AP FACT CHECK: Barr raises voter fraud specter, China threat

President Donald Trump, Attorney General William Barr and acting Homeland Security Secretary Chad Wolf arrive at Andrews Air Force Base after a trip to Kenosha, Wis., Tuesday, Sept. 1, 2020, at Andrews Air Force Base, Md. (AP Photo/Evan Vucci) (Evan Vucci, Copyright 2020 The Associated Press. All rights reserved)

WASHINGTON – As the 2020 presidential race between President Donald Trump and Democrat Joe Biden heats up, Attorney General William Barr warned of the potential of substantial fraud in voting by mail — but he omitted necessary context, and states that rely on the process say there is little evidence of such activity.

He also suggested that China poses more of a threat to election security than Russia, even though that was not the conclusion of an official intelligence assessment last month.

Recommended Videos

Here's a look at the claims, made in a Wednesday evening interview with CNN:

BARR on fraud in the vote-by-mail process: “Elections that have been held with mail have found substantial fraud and coercion.”

THE FACTS: Multiple studies have debunked the notion of pervasive voter fraud in general and in the vote-by-mail process.

The five states that relied on mail-in ballots even before the coronavirus pandemic — Colorado, Hawaii, Oregon, Washington and Utah — have said they have necessary safeguards in place to ensure against fraud and to prevent hostile foreign actors from co-opting the vote. More states intend to rely more heavily on mail-in voting this fall because of the pandemic.

The attorney general cited a report from more than a decade ago from a commission led by former President Jimmy Carter and former Secretary of State James Baker that said vote-by-mail was vulnerable to fraud. But the commission pointed out in a statement in May that it had found little evidence of fraud in states like Oregon that had sufficient safeguards.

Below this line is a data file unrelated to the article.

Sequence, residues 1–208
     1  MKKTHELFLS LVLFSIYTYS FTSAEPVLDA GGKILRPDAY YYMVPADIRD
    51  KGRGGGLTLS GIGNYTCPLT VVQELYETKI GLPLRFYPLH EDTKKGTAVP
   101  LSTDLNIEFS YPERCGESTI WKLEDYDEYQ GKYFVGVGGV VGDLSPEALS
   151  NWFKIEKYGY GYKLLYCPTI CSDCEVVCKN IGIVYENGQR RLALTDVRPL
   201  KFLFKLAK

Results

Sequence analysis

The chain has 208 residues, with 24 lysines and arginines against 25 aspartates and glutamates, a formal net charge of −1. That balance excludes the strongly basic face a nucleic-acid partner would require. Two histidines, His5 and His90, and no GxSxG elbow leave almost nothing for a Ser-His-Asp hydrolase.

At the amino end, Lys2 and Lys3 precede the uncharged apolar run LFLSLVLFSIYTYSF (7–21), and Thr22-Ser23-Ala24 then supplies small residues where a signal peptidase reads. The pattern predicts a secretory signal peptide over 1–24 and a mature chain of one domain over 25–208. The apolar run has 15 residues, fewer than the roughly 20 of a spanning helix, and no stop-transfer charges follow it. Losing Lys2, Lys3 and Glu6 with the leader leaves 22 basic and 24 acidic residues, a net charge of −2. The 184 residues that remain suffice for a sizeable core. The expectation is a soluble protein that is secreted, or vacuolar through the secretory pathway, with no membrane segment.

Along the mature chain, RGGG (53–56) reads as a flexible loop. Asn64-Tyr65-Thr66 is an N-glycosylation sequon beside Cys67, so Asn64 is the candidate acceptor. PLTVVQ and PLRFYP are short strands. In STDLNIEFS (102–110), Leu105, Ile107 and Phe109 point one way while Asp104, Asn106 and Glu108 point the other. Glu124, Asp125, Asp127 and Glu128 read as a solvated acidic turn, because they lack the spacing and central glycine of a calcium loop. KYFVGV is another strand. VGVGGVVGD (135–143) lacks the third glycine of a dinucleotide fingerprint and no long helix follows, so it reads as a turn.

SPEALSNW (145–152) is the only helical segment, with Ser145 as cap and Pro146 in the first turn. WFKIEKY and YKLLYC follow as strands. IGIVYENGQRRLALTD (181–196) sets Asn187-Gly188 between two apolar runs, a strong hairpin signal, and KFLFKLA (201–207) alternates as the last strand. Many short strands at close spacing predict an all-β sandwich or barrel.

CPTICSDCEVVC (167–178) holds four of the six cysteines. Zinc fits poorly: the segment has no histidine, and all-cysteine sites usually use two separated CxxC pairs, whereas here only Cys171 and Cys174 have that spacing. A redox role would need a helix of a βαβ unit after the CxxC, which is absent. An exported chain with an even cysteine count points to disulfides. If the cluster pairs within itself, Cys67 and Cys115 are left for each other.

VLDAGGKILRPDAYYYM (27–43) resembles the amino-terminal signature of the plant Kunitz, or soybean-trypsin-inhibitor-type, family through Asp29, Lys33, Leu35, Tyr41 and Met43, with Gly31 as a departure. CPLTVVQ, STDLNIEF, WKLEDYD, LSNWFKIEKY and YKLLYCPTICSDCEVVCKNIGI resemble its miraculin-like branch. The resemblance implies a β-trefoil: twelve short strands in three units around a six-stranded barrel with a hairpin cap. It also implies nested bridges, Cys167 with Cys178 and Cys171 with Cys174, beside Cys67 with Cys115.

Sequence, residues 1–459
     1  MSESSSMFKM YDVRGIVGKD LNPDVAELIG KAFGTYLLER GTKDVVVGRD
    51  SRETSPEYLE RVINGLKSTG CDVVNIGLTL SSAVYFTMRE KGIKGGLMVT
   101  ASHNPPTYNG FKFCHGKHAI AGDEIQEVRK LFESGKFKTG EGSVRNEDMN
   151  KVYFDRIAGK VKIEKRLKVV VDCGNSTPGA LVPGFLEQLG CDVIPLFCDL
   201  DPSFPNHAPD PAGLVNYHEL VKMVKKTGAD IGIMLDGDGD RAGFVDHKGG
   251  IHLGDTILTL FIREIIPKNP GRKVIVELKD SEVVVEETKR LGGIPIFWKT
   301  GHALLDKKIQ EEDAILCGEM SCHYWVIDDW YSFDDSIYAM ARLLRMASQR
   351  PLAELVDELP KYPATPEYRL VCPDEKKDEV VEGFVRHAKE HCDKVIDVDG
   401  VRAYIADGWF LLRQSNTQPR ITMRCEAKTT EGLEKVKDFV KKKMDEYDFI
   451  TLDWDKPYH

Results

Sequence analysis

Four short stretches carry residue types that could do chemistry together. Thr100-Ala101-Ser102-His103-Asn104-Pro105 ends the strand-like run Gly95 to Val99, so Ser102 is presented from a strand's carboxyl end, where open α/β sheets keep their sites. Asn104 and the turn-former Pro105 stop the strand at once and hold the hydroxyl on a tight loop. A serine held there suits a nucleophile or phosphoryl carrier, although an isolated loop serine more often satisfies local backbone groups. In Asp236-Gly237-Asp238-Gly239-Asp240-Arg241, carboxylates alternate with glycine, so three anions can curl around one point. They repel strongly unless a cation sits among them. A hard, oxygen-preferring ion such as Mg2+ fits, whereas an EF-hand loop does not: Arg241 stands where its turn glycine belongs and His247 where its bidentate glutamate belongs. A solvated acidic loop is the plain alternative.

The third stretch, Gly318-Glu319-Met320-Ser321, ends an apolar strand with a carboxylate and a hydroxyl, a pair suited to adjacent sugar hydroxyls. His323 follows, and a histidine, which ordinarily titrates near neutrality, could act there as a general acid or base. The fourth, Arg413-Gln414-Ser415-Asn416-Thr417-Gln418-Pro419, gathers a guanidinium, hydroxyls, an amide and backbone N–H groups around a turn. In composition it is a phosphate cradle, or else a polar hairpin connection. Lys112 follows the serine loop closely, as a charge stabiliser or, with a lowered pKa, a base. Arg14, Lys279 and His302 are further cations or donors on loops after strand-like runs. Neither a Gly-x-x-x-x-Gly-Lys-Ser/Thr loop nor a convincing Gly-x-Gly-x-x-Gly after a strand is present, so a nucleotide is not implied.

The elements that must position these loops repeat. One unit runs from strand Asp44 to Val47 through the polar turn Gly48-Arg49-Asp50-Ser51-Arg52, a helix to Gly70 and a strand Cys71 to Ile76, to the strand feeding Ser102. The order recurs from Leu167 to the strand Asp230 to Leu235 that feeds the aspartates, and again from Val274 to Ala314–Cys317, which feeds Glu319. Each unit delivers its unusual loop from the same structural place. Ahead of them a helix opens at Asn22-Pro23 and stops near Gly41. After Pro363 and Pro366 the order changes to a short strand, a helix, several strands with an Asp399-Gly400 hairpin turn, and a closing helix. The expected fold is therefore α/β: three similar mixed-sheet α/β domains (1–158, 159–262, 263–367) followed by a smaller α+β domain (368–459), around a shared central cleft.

Barr also said he was basing on “logic” his concern that a hostile foreign actor could produce bogus ballots for the election. But senior U.S. officials said on a conference call with reporters last week that they had no intelligence to suggest that was happening.


BARR, on the question of whether Russia, China or Iran, has been most assertive in interfering in the election: “I believe it's China.”

THE FACTS: Barr’s assessment does not line up with last month's formal statement from the government's counterintelligence chief, William Evanina.

The statement directly implicated Russia in 2020 election interference by saying it was actively working to denigrate Biden. Its characterization of China’s activities was considerably more nebulous, however, saying it regards Trump as unpredictable and prefers that he not win.

The statement said intelligence officials believed China has been expanding “its influence efforts” to shape the policy environment ahead of the November election and will continue to weigh the risks and benefits of aggressive action. But they did not specifically place China as a more serious threat or allege that Beijing was directly interfering in the election.

Barr said he had reviewed intelligence to inform his assessment on China, which lines up with recent comments from national intelligence director John Ratcliffe and is in keeping with the Trump administration's position that Beijing presents significant national security concerns for the U.S., particularly when it comes to espionage and the theft of intellectual property from American universities and businesses.


EDITOR’S NOTE — A look at the veracity of claims by political figures.


Find AP Fact Checks at http://apnews.com/APFactCheck

Follow @APFactCheck on Twitter: https://twitter.com/APFactCheck

Follow Eric Tucker on Twitter at http://www.twitter.com/etuckerAP

Recommended Videos